Excuse me? If buying is high and rent is low, that means the rest of the cost of living is lower than the national average here. Good luck trying to provide evidence for that. Actually, rent *seems* low because landlords have divided up houses to rent them separately, and lots of people (non students) with extra room take on a renter or two just to get by, since wages are so low here. Which gets to the real point: relative to wages, the cost of living here is extraordinarily high.
Rate this post positively Reply With Quote Quick reply to this message
 
Old 06-28-2009, 02:57 PM
 
Location: Brendansport, Sagitta IV
7,821 posts, read 13,430,729 times
Reputation: 3344
Quote:
Originally Posted by romath View Post
Excuse me? If buying is high and rent is low, that means the rest of the cost of living is lower than the national average here. Good luck trying to provide evidence for that. Actually, rent *seems* low because landlords have divided up houses to rent them separately, and lots of people (non students) with extra room take on a renter or two just to get by, since wages are so low here. Which gets to the real point: relative to wages, the cost of living here is extraordinarily high.
And I'd guess a lot of those rentals have been owned by the same people for decades, so they aren't obligated to a huge mortgage and can price 'em to keep the apartments full, rather than as RE-spiked loan payments dictate. Which means some older student rentals may be artificially low-priced, up to whatever the market will bear. This is, as you imply, not an accurate reflection of the rest of the cost of living, nor will rentals be an accurate gauge until all have been "turned over" and are on current mortgages at current prices. Then you'll see what rent REALLY costs -- since it generally needs to be greater than the cost of buying and maintaining the property.
Rate this post positively Reply With Quote Quick reply to this message
 
Old 06-28-2009, 08:35 PM
 
Location: SoCalif
102 posts, read 248,489 times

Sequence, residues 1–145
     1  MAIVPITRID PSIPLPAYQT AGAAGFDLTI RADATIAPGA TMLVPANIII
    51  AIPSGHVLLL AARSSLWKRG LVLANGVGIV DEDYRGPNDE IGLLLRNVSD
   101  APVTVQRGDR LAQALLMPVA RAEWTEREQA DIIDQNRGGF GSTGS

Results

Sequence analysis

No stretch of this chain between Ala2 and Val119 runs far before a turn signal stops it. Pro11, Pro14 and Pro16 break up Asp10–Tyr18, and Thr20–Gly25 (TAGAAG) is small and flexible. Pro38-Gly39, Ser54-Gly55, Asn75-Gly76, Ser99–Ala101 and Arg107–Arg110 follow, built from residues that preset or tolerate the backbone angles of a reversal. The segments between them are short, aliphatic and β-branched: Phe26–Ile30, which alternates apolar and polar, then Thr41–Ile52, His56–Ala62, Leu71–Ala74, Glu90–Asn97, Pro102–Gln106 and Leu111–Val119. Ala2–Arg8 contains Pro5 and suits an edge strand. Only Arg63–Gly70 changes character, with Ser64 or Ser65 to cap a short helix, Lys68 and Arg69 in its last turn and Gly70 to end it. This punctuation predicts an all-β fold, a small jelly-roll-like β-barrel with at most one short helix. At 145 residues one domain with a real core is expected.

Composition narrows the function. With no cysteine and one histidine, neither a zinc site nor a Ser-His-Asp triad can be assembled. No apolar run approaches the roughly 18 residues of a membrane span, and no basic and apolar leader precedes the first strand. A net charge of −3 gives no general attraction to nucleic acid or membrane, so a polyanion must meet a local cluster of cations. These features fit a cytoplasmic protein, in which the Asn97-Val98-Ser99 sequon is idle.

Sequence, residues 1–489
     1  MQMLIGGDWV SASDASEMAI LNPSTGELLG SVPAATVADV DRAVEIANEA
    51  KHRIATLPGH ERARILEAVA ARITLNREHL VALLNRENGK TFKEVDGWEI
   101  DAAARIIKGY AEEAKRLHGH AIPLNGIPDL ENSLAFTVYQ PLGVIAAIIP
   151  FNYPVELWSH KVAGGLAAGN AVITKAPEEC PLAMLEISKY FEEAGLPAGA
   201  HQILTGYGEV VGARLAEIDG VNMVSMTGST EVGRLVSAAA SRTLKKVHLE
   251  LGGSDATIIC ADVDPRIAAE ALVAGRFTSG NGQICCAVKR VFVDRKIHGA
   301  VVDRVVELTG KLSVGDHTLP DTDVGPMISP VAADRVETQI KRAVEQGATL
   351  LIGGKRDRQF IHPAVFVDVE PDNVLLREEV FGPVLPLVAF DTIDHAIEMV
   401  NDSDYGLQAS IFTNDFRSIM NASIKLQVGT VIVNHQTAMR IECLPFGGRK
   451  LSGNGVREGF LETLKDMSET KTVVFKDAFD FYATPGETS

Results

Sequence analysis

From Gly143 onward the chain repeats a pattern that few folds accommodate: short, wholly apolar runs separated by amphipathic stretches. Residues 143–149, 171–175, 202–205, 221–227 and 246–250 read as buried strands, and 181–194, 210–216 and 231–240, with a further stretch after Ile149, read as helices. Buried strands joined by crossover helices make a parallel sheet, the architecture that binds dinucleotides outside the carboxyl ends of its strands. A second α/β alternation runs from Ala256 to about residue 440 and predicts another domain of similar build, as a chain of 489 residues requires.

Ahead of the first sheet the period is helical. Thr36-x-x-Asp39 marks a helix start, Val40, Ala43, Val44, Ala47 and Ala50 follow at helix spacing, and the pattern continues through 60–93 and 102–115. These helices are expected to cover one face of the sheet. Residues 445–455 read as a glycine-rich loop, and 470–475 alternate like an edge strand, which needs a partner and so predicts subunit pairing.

Reputation: 95
I may be missing a social element to these comparison questions re: weather, RE, COL etc. but I'd suggest published data readily available.

Cost of living: Compare prices in two cities - CNNMoney.com
Rate this post positively Reply With Quote Quick reply to this message
 
Old 06-29-2009, 12:18 AM
 
19 posts, read 55,764 times
Reputation: 22
Quote:
Originally Posted by Reziac View Post
And I'd guess a lot of those rentals have been owned by the same people for decades, so they aren't obligated to a huge mortgage and can price 'em to keep the apartments full, rather than as RE-spiked loan payments dictate. Which means some older student rentals may be artificially low-priced, up to whatever the market will bear. This is, as you imply, not an accurate reflection of the rest of the cost of living, nor will rentals be an accurate gauge until all have been "turned over" and are on current mortgages at current prices. Then you'll see what rent REALLY costs -- since it generally needs to be greater than the cost of buying and maintaining the property.
Nicely put.

I'm not seeing it now, but the email I got says electric lady wrote, "I have some friends who have offered me a room in their rented house for $275 a month. Even if I make $9, I would be able to afford this and all my food and gas. This, to me, seems cheap."

Have to love people who generalize from their individual spartan existence to the rest of us.
Rate this post positively Reply With Quote Quick reply to this message
 
Old 06-29-2009, 11:21 AM
 
Location: Brendansport, Sagitta IV
7,821 posts, read 13,430,729 times
Reputation: 3344
Quote:
Originally Posted by romath View Post
I'm not seeing it now, but the email I got says electric lady wrote, "I have some friends who have offered me a room in their rented house for $275 a month. Even if I make $9, I would be able to afford this and all my food and gas. This, to me, seems cheap."

Have to love people who generalize from their individual spartan existence to the rest of us.